QminC launches two new Herbal-based Drinks

QminC launches two new Herbal-based Drinks

QminC from Tera Food & Beverage Co., Ltd., Thailand's leader in health beverages with revolutionary nano-liposome technology and zero preservatives, has unveiled 2 legendary herbal-based health and functional drink flavours 'QminC Ginger with Honey' and 'QminC Finger Root with Honey' - with the apt concept 'Stop it before it can't' be stopped.'

Mr. Thanthit Yuenyongtechahiran, President of Tera Food & Beverage Co., Ltd., said, "The launch of concentrated ginger extract drink with honey under QminC brand is creating a phenomenon for the health and functional drink industry. It is the first time that a concentrated ginger drink is made available in a ready-to-drink bottle in Thailand. We are responding to the high demand of the health-conscious in the global market and to the trend of natural functional drinks, which is likely to have remarkable and rapid growth every year".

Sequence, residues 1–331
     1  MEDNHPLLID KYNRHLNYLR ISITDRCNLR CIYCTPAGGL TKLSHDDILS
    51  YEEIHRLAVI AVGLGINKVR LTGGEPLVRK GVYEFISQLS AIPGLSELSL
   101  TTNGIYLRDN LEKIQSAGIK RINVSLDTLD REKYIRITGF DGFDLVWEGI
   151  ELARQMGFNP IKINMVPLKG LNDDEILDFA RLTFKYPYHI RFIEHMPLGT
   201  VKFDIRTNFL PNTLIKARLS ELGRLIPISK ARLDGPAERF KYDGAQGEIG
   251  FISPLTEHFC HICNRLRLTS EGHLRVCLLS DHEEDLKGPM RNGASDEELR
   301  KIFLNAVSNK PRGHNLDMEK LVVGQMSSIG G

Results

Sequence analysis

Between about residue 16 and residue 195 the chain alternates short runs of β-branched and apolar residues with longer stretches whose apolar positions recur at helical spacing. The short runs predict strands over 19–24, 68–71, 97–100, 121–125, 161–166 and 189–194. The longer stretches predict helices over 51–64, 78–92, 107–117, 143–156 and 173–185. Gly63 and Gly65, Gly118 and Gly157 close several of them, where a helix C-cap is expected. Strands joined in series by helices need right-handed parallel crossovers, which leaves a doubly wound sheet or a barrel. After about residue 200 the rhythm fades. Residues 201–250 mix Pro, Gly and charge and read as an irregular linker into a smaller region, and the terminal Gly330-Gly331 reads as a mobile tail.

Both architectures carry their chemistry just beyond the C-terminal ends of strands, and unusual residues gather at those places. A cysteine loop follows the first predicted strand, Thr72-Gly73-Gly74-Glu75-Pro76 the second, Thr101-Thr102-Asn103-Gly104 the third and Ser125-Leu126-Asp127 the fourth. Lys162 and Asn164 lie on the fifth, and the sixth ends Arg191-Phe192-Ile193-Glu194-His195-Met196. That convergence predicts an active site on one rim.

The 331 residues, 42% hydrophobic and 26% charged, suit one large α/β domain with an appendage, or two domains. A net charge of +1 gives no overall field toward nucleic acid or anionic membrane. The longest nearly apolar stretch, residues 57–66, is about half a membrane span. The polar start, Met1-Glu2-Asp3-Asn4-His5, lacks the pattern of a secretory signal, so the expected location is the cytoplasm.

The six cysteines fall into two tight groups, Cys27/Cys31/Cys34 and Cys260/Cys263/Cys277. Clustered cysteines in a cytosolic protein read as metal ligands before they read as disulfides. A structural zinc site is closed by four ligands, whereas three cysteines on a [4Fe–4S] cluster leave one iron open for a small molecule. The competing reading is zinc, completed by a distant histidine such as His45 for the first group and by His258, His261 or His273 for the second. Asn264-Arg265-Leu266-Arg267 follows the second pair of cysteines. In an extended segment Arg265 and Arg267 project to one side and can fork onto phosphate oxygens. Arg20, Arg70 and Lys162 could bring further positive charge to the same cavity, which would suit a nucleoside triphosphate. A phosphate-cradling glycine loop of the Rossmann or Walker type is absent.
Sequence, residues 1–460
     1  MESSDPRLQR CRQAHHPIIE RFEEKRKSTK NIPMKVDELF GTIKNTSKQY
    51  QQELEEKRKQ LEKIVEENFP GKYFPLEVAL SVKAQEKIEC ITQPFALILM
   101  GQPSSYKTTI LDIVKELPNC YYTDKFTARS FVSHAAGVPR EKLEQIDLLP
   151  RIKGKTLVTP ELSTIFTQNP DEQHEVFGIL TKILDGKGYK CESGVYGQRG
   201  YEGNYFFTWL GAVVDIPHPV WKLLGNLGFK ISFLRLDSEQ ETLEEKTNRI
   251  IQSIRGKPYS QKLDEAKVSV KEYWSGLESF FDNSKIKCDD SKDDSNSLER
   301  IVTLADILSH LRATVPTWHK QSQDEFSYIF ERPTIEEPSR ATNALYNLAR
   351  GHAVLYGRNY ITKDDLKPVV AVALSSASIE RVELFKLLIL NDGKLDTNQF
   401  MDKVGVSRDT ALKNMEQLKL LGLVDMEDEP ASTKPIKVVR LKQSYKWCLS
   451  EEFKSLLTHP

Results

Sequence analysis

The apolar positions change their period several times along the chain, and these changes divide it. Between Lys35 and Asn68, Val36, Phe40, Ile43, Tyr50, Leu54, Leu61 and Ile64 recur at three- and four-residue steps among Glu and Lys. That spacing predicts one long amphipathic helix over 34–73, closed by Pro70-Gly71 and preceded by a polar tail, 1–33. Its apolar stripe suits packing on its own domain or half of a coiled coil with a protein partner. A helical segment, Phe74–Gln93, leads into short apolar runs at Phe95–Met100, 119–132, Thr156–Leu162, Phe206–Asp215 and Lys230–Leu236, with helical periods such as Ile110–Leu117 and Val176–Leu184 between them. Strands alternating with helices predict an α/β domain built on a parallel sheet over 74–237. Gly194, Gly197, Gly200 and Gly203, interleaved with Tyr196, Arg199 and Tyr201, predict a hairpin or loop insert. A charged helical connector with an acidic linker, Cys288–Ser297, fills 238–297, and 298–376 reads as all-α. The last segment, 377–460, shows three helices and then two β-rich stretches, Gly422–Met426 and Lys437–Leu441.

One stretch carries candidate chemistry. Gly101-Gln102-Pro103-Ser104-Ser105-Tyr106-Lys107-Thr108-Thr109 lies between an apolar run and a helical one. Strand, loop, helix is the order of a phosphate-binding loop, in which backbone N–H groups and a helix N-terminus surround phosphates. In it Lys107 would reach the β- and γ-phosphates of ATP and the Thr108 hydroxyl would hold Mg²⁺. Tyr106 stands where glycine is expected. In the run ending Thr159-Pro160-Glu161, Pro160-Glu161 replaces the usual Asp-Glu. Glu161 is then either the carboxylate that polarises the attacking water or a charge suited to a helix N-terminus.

QminC also plans to make a strong overseas presence in CLMV as well as the United States, China, Singapore, South Korea, Kuwait, and the United Arab Emirates and is ready to go fully online to give consumers extra convenience in response to the current trend of people boosting immunity and reducing inflammation while keeping a social distance.

The first flavour QminC Ginger with Honey contains 1,000 mg. of USDA-approved ginger extract imported from the United States. It also has 100 mg. of beta-glucan which provides immunity for the body and prevents infection from microbes making it widely recognised for being anti-inflammatory as well as vitamins C, D, E, and Zinc with the spicy flavour of ginger and natural sweetness of honey to give a perfectly great taste.